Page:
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3. Pull the trigger straight back and let the trigger break surprise you.
I took this to heart. Every time I fire a shot, I jump and scream "OH SH!T!!!" It really helped my shooting.

Another tip that has helped me was to keep my arms extended fully, not slightly bent. It sends the recoil evenly back through my arms, which noticeably reduces the feeling of recoil. It felt like before, my elbows were trying to take the recoil, and it made "snap-back". Whereas after, the vector of force evenly transferred through my arms, with no obvious "collection spots" like the elbow.
I tend to bend my elbows out a little, it causes them to take the impact but the muzzle flip is a lot smaller. If I start with my arms straight and bend the elbow slightly down it causes the muzzle to flip up more than normal. If I keep the elbow completely straight I feel like my entire body shakes a little too much and it becomes too hard to keep a good sight picture for quick follow up shots.

I'm also a very new shooter though, so that's just how I feel. I'm definitely not an expert
 

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You're definitely combat accurate WW!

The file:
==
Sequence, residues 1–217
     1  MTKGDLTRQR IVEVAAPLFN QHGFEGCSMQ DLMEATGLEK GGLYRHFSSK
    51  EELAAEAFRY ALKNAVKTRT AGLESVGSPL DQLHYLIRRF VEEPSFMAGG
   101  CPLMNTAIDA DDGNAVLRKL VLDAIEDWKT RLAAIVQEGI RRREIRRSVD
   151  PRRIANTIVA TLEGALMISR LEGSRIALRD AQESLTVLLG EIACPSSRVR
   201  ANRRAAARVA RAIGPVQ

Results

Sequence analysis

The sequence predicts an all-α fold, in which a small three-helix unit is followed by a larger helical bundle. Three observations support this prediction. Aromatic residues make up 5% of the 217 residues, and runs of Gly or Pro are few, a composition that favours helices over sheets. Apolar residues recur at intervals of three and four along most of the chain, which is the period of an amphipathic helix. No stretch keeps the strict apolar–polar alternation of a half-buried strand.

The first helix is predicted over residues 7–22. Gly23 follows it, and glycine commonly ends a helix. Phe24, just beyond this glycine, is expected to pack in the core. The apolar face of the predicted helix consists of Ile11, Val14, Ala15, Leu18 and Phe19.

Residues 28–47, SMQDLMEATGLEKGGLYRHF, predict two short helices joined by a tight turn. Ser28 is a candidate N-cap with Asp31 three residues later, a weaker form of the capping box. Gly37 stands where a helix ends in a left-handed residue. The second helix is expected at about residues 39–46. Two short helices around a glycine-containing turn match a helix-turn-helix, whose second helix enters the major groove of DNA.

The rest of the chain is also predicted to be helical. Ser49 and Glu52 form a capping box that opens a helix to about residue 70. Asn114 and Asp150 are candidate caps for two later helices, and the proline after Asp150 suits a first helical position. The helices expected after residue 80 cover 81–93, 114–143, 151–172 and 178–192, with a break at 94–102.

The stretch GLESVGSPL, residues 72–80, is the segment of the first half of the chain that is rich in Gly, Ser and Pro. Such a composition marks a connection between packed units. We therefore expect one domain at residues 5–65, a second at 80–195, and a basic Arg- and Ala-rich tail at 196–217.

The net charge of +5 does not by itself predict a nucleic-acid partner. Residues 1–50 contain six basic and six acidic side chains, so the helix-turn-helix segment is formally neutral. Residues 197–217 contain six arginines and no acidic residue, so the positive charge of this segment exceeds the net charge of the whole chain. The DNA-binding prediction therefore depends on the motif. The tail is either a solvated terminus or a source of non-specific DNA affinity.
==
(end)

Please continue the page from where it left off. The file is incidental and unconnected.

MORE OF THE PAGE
Unfortunately, you'll never get any more accurate with that Ruger, you should post it for sale here immediately for a low price and just get rid of it before everyone else has one and you're stuck with it! Hurry! :p

JK, that's a nice new pistol!!!!!!!:D I'd add really watching that front sight in your sight picture as you press back on the trigger - dry fires or live - against a white rather than black target center. Pay careful attention to the front sight's movement, and you'll notice exactly when you begin to move off target, and you can quickly determine where in your trigger press you're doing it. And your follow through, too, be aware of that.

I also tend to shoot primarily with a slightly staggered stance, better weight distribution, waist rotation for target transition, arms extended but not locked, allowing my arms and body to better manage flip and recoil. Not too staggered tho, that puts you off balance at too many angles. I don't worry much about presenting a wider profile against a paper target - and my 3/4 profile is about the same as my full-on! :rolleyes:

I agree with shooting a lil farther out, move to say 15-20 yards or so, and you'll have a better picture on paper of what you're doing and specific actions to take to adjust (that pie-chart target with the shooting tips on it comes to mind).

Try a smaller target. Aim small, hit small. A smaller target will force you to focus more to make the hit, and to be more aware of what you are doing.

Best secret tip trick of all is no secret and has been mentioned already . . . . .more rounds downrange - whooooo hoooot!!!!!!! :D:D:D:D

Have a great time!!!